Astronauts aboard the International Space Station recentlyphotographed Haiti from orbit in the days following the country?s devastatingearthquake.
The images revealed the damage that has occurred in theaftermath of the massive Jan.12 earthquake that struck near the island nation's capital, Port-au-Prince.The space station flew over the 260-year-old city Jan. 18, giving the station'sExpedition 22 crewmembers a chance to snap photos of the hard-hit region.
Taken from the space station 220 miles (354 km) above Earth,the images show some of the destruction, as well as the mighty relief effortsunderway. The Toussaint Louverture International Airport, clearly visible onthe north side of Port-au-Prince, is the main hub incoming international aid.The photos show the airport's single runway and control tower, which washeavily damaged by the 7.0 magnitude quake, but has since been rebuilt.
The images also show the Port-au-Princeharbor, with clearly visible ships, which has also been a focal point forincoming aid.
A wider view, taken last year, shows the whole island ofHispaniola, which Haiti shares with the Dominican Republic.
The space station is currently home to five spaceflyers: twoRussians, two Americans, and one Japanese astronaut. NASA astronaut JeffreyWilliams commands the Expedition 22 crew, which also includes Timothy (T.J.)Creamer, also of NASA, Russian cosmonauts Maxim Suraev and Oleg Kotov, andJapan Aerospace Exploration Agency spaceflyer Soichi Noguchi.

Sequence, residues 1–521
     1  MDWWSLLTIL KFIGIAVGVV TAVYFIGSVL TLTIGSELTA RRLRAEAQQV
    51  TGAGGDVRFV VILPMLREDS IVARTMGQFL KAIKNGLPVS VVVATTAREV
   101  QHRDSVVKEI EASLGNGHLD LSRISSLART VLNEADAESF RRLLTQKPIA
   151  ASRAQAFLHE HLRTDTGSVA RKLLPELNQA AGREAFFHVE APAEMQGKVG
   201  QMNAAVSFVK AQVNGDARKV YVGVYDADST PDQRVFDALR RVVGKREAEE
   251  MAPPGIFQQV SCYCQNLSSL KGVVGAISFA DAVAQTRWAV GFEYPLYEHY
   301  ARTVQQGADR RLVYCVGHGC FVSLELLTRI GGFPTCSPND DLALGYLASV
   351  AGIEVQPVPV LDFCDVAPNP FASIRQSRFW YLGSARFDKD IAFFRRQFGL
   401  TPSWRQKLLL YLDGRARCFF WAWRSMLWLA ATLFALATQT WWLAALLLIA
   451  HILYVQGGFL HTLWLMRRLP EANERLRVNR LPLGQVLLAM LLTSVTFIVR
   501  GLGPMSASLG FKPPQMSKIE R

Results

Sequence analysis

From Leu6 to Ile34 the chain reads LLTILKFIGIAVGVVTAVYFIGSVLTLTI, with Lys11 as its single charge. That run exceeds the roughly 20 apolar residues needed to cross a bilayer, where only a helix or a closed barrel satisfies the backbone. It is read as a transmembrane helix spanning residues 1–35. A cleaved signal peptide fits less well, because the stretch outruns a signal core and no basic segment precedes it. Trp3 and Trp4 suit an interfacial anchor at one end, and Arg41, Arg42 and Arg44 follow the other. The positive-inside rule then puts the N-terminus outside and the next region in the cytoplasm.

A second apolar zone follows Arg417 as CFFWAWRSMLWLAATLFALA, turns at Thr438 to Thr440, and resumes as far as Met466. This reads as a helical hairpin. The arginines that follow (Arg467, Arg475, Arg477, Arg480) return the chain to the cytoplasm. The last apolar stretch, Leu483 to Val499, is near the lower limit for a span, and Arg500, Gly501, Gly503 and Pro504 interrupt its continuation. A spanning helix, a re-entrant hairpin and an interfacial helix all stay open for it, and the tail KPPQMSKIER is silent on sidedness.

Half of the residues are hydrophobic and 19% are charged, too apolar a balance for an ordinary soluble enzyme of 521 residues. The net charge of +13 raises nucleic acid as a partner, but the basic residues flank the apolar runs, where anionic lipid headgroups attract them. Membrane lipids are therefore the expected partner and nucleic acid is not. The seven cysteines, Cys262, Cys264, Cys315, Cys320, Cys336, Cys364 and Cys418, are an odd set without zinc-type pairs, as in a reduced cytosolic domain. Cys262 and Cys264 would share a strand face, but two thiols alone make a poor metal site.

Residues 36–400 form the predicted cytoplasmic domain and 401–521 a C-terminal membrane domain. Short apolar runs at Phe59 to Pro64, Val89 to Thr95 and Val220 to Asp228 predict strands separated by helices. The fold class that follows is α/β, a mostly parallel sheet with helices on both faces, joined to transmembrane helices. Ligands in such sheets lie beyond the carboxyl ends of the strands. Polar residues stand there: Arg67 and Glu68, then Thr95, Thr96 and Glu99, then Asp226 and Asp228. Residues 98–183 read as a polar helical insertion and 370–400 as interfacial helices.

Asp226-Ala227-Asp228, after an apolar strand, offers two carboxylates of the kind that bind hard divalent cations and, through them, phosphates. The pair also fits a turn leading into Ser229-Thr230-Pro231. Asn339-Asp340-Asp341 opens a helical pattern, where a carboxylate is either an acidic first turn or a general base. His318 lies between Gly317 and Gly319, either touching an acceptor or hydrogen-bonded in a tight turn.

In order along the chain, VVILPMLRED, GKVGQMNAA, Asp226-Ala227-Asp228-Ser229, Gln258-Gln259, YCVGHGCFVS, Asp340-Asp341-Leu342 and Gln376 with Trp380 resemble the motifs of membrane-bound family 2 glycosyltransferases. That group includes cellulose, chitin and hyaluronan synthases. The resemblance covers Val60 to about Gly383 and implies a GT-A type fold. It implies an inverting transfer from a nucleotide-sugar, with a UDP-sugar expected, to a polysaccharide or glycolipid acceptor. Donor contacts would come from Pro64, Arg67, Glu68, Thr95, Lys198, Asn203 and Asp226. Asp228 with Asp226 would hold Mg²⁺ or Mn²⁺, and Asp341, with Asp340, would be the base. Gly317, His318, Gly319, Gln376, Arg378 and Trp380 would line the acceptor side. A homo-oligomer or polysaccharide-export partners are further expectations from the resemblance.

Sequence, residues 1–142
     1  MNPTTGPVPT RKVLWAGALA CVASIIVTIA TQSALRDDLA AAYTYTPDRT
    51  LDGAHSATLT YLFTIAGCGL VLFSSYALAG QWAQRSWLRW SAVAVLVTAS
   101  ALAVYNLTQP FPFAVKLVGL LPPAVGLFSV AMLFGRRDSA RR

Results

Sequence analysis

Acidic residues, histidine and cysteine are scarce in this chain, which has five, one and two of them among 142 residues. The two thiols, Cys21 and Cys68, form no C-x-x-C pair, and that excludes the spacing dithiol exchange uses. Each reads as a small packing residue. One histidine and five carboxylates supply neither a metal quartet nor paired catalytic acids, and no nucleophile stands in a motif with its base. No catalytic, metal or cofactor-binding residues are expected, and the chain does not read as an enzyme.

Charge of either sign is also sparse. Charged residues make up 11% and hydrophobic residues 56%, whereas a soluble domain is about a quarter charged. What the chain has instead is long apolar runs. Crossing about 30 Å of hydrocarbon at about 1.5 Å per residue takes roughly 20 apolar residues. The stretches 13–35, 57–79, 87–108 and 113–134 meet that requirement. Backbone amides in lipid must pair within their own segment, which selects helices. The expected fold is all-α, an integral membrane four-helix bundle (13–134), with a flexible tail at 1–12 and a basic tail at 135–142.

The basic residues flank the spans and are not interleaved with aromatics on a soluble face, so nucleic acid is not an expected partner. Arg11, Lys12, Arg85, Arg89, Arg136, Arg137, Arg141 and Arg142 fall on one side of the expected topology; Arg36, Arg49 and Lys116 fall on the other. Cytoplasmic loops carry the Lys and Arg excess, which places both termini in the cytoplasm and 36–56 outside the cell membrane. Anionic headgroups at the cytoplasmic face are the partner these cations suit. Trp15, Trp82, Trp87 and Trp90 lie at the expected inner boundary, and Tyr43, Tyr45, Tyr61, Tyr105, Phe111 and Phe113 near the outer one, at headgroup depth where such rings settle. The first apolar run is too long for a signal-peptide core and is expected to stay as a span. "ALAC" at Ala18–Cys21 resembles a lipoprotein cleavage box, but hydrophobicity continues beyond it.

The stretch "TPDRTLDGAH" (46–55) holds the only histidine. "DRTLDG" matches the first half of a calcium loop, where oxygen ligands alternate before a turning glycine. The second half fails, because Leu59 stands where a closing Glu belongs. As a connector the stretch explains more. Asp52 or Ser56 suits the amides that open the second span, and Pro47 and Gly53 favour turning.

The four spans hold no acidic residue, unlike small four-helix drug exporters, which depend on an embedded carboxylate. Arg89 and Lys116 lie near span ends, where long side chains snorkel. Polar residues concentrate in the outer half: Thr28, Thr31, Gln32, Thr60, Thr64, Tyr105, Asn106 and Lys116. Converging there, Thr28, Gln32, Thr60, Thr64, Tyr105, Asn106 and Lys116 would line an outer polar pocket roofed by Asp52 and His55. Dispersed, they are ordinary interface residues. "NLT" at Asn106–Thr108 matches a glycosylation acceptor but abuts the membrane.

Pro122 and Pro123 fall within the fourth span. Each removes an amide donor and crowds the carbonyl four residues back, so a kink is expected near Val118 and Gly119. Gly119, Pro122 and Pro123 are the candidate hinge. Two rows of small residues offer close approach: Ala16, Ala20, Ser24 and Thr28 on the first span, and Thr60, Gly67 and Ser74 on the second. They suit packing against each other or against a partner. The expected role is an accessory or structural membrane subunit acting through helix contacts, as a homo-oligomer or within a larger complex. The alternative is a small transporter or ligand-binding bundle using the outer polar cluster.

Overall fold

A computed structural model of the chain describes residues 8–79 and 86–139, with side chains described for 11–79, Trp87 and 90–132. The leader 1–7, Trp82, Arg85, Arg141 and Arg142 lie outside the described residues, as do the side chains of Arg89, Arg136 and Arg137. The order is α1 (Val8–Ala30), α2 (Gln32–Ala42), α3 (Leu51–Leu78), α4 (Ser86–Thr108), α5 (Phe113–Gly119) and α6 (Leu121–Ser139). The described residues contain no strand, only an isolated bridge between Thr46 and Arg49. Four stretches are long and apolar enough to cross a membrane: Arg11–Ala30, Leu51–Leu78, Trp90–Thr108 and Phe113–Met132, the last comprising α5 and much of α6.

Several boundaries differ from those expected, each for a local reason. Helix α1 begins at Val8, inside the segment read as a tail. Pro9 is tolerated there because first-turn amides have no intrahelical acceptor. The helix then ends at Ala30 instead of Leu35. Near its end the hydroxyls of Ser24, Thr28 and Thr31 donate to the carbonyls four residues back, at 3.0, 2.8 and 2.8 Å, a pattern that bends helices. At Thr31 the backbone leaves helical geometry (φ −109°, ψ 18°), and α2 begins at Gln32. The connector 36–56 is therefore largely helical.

Last week, Noguchi sent condolences from the entire stationcrew to the Haitiearthquake victims.
- The Worst Natural Disasters Ever
- The Devastating Haiti Earthquake: Questions and Answers
- Images: Deadly Earthquakes
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Clara Moskowitz is a science and space writer who joined the Space.com team in 2008 and served as Assistant Managing Editor from 2011 to 2013. Clara has a bachelor's degree in astronomy and physics from Wesleyan University, and a graduate certificate in science writing from the University of California, Santa Cruz. She covers everything from astronomy to human spaceflight and once aced a NASTAR suborbital spaceflight training program for space missions. Clara is currently Associate Editor of Scientific American. To see her latest project is, follow Clara on Twitter.